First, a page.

Weakness continued in the US dollar through the end of January as the Dollar Index tested 90 levels for the first time in four years. The dollar has been underpinned by waves of bearish sentiment, the most recent of which stems from the government closure, which began on Friday.
The US government finds itself breaching its debt ceiling, and with Washington entrenched in political gridlock, the Republicans lack the necessary majority in Senate to get the ceiling raised. We are entering day four of the shutdown, with only non-essential government services closed so far. But expect to see further erosion in US asset classes, including the dollar as this debate prolongs.
The US government shutdown will no doubt have an impact on the US GDP reading due out this Friday. Expectations are for a quarter-on-quarter reading at 3 per cent, however, a weaker print would not be unexpected. With overall short-term and medium-term dollar sentiment entrenched firmly in the bears corner, positive data points on the economic calendar could see short term spikes in the Dollar Index.
We are watching for the US non-farm payrolls report, due out on February 2 to perhaps trigger some dollar buying. Last month's figure came in at an anaemic 148,000, and expectations are for a reading of 163,000 for the month of January.
Anything above 180,000 should spark a fresh round of dollar buying, while a reading below 150,000 will see the dollar weakness continue. I expect to see a proper test of 89.70 levels in the Dollar Index, followed by 89 levels through the first week of February.
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Also compounding the dollar weakness are various central bank policy rate decisions due out this week. With the Federal Open Market Committee in the middle of their rate hiking cycle, markets are now turning to other global central banks who are beginning to tighten policy for their respective economies.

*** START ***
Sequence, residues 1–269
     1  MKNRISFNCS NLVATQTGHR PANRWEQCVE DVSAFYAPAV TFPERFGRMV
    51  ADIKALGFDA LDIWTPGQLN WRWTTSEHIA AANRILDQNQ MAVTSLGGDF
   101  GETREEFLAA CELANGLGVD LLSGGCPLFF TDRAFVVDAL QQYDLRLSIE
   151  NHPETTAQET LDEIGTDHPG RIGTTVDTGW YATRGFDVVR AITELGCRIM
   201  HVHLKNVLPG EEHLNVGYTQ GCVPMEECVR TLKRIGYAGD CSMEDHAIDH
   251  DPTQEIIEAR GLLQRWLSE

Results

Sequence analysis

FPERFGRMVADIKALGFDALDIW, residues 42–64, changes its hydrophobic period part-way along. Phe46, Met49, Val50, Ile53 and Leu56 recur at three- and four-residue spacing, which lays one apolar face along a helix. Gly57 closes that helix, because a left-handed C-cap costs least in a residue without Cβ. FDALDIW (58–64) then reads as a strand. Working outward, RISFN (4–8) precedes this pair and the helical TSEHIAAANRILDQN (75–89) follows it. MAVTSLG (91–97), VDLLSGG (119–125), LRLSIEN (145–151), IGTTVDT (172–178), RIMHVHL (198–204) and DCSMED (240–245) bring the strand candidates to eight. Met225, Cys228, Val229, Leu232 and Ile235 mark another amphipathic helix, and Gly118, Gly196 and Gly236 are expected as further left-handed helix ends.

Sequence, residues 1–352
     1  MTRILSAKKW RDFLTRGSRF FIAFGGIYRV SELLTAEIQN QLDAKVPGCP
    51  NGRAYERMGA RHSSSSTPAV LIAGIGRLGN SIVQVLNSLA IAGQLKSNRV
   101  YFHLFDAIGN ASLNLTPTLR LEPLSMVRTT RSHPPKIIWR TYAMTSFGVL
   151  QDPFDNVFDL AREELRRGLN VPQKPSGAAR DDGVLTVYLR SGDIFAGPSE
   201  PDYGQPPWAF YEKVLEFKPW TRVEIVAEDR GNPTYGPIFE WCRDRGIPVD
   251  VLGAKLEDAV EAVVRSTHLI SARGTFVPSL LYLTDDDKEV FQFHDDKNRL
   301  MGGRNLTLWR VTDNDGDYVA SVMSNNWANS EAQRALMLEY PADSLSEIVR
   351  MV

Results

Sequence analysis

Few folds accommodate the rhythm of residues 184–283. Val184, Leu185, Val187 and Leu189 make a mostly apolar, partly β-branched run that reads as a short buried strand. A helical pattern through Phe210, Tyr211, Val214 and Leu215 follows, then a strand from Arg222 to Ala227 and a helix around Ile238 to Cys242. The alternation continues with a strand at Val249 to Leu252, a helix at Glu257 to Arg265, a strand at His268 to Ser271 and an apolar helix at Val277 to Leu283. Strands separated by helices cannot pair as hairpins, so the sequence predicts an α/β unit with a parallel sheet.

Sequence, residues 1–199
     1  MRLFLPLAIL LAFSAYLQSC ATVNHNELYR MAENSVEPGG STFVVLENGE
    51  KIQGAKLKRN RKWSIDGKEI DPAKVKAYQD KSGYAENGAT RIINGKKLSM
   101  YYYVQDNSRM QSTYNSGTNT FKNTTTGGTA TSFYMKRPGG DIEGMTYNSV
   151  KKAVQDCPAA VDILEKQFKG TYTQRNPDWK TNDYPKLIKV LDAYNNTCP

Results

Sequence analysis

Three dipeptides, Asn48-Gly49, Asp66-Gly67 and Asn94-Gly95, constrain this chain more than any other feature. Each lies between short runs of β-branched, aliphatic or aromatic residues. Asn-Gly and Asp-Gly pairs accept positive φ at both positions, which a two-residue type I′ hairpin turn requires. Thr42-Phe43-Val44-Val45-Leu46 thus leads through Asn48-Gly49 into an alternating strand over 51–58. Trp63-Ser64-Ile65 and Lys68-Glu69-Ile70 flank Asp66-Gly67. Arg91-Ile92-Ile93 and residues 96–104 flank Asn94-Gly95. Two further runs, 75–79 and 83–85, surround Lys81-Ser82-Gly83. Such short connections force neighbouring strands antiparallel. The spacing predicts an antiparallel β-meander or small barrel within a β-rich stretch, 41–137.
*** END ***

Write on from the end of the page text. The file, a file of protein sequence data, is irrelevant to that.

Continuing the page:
As this interest rate differential between US assets and global assets narrows, the demand for asset classes other than the dollar increases.
The euro, a currency which has been so smooth through the end of 2017 and beginning of 2018 seems to benefit from this, and as mentioned in previous articles, should maintain its bullish momentum through the end of the first quarter of this year.
The European Central Bank is set to convene this Thursday and is likely to adopt a more hawkish stance towards future bond purchases and future European interest rates. While we do not expect to see any change in rates until the third quarter of 2018 at the very earliest, it would be interesting to see their language with regard to their current asset purchases.
We saw the ECB cut their bond purchases by half to the current €30 billion (Dh134.8bn), a move which started this savage euro upside move – and hawkish comments this Thursday will see further upside moves in euro assets. Don't expect a low key performance from the euro through the early part of February as the upsides are expected to continue. Resistance in the Dubai Gold & Commodities Exchange euro-dollar contract remains at 1.2350 levels, a breach of which would open the door to 1.25 levels.
We are also watching the performance of the USD/CAD. The Canadian dollar had a nice rally on the back of a rate hike to 1.25 per cent from the Bank of Canada this month. We expect to see the upsides continue in the Canadian dollar with the next target at 1.2350 against the Greenback. This would be followed by a move towards 1.21 in extension through the end of the first quarter at the earliest.
And finally, DGCX’s benchmark Gold contract achieved our upside target at 1,330 levels before finding resistance at 1,344 levels. We expect rangebound movement in precious metals with a slight bullish bias, and expect support to come in at 1,310, which would represent an ideal long entry point.
Gaurav Kashyap, Market Strategist at Equiti Global Markets